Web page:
From The Constitution, Wednesday, June 26, 1861 (volume 24, number 1226)

The Latest News

RIOT IN MILWAUKIE !

On Monday morning the banks in Milwaukie were attacked by a mob, and a great destruction of property was caused. The troops were called out by the Mayor, and fired upon the rioters. About fifty rioters were arrested and jailed Monday evening under a strong guard. In the 2d and 6th wards the mob was gaining ground last night. They had one cannon and threatened to attack the jail. The Governor had declared martial law, and telegraphed for State troops. The riot was caused by the bankers on Saturday throwing out the circulating notes of a large number of the banks of the State.

The De Soto has just arrived from Havana. There was some yellow fever in Havana of a fatal type, but the shipping had not suffered to any considerable extent.

The enemy say that Congress shall never meet at Washington, and it is believed their strength has been underrated. Many think the long threatened collision will take place this week. About 40,000 troops are in the district, of which 24,000 are already on the Virginia side of the Potomac. The country within view of the enemy is examined by means of a balloon. There is no news of importance from Fortress Monroe.

No intelligence is received of Capt. Kellogg of the 2d Conn. Regiment, whose gallantry lately led him into an ambuscade.

The Battle at Booneville

This was a brilliant and decisive action, and will be likely to put the finishing stroke to open secessionism in Missouri. The traitorous Governor has received a lesson which he cannot very well forget. Booneville was a very favorable place for the assembling of secession troops and if they could not make a stand there they can’t anywhere. Gen. Lyon is found to be the right man in the right place. The battle was conducted on his part in the most skillful manner, in quite refreshing contrast, it must be confessed, to the leadership of some Brigadiers in Virginia. We are happy to say that Gen. Lyon is a native of Connecticut. He was born in Windham County, and is not the first distinguished General which that section of our State has furnished for the national armies.

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Prentice says the friends of the Governor of Missouri are greatly concerned for his safety. At the last dates he was running away from a Lyon. He was making good time, but the length and rapidity of the Lyon’s bounds were ominous of evil.

The Wheeling Convention

The ordinance for the organization of the State government was adopted by the Virginia Convention at Wheeling last week, and the Governor and Council were to be immediately chosen. Subsequently, Frank Pierpont of Marion County was elected Governor. Forty counties in Western Virginia are represented in this convention. The ground which the convention took in its action is that the former State officers have by treason against the United States and by giving over the State to the Southern Confederacy, in fact vacated their offices, and it is the right and duty of the people of Virginia to make a new election. This is a noble and patriotic stand which is taken by Western Virginia, and no doubt is entertained that the people of the whole State will join in driving Gov. Letcher from office as soon as they are permitted to enjoy freedom of action.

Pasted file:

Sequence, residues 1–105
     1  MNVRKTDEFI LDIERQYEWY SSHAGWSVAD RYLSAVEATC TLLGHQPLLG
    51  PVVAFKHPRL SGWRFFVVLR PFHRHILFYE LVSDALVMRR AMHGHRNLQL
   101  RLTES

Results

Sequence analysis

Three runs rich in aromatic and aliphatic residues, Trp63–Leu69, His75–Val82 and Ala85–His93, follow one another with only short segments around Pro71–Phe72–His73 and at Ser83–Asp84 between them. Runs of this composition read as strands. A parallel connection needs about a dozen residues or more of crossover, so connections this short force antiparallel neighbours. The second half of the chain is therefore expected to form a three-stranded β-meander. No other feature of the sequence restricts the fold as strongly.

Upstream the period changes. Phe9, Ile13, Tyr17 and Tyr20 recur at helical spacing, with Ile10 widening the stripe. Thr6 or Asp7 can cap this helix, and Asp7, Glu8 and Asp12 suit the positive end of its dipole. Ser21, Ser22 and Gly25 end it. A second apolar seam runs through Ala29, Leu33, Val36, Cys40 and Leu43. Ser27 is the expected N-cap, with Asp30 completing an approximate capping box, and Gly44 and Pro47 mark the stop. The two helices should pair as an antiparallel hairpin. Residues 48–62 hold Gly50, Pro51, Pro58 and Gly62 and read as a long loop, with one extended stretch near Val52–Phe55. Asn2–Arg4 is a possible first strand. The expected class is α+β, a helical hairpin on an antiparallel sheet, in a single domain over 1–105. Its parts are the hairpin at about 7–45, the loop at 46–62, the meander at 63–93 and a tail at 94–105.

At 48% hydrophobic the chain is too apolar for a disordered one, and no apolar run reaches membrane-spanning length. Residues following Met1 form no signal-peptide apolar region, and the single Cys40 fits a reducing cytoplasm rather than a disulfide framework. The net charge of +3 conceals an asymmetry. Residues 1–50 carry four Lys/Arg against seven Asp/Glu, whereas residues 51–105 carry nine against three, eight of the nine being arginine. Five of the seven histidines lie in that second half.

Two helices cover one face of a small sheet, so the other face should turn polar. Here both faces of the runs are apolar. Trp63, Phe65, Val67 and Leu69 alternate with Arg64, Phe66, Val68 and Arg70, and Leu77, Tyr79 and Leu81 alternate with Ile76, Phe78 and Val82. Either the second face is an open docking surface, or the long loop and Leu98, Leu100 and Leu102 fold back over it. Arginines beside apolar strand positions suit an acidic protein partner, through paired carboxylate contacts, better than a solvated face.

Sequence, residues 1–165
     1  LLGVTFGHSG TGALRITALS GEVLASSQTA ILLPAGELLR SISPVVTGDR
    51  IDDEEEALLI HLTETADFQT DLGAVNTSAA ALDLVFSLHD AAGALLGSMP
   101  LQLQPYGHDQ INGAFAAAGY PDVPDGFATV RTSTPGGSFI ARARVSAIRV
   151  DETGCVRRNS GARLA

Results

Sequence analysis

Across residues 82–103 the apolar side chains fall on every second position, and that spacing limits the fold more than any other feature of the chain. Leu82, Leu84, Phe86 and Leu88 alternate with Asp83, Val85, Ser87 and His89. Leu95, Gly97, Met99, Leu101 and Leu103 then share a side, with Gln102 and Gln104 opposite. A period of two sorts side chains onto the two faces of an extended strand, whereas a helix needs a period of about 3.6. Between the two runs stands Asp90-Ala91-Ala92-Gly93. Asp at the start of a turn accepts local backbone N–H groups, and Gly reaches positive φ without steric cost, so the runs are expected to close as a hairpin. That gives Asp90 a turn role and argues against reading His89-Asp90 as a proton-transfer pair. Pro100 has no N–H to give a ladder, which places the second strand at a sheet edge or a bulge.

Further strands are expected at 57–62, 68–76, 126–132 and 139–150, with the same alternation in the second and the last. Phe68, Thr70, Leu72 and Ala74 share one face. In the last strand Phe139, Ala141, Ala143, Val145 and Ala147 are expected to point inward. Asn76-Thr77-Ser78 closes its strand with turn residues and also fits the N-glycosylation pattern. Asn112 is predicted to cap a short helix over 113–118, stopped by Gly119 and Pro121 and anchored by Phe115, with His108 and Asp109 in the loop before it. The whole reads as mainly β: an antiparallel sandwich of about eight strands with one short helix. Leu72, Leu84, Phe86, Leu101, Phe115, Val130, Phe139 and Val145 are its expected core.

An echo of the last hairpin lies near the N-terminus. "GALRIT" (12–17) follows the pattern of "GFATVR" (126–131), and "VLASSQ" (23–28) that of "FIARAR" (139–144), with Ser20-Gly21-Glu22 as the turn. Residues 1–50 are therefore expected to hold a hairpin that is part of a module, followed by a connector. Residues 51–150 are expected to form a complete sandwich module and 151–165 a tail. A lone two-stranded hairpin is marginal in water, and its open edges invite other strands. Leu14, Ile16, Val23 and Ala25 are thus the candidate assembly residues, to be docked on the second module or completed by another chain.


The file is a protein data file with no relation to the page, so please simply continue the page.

Letter from Camp

The following letter from F. B. Coe, of the Mansfield Guard, 2d Regt., written to his father, we have been permitted to present to our readers. It bears a late date, and will be read with interest.

Falls Village, Fairfax Co., Va.,

Thursday Afternoon, June 20, 1861

Dear Father: I write in haste, the 2d Connecticut Regiment left camp Welles Sunday night. At nine o’clock, p. m., we struck our tents, packed our knapsack, and got ready for a line of march after packing our baggage aboard the wagons ; each company were allowed two wagons. We started at about one o’clock in the morning, in silence. At two we crossed Long Bridge, and struck foot upon the sacred soil of the Old Dominion. After a march of twelve miles, we reached our Camp ground, near Roach’s M[?], in close proximity to the 1st Regt. The boys were all in good spirits and immediately commenced putting up our tents, cutting trees, bushes, stumps, and other labor necessary to be performed in clearing up a camp ground ; and here let me say, that those who have not been in actual service have no idea of the work to be done ; for instance, in our present camp we have to bring all our water over a mile which is no small job this hot weather.

Between two and three o’clock Monday afternoon, the 1st Ohio regiment went up on a train of platform cars, I think they had previously been used for carrying wood ; as they passed us we indulged in three cheers for the first Ohio boys, which was returned by them with a good will ; little did we think then, that in a few hours we should see them lying by the roadside mangled and torn to pieces by the shot and shell of the enemy. The first news we received of them was from the engineer, who at six p. m., came down at lightning speed with only one car beside the engine, the cylinder of the engine being blown away and covered with blood ; two men dead and one wounded, were brought down, being shot on the engine. This sight, and the report that the regiment was cut to pieces, started us immediately to avenge our friends.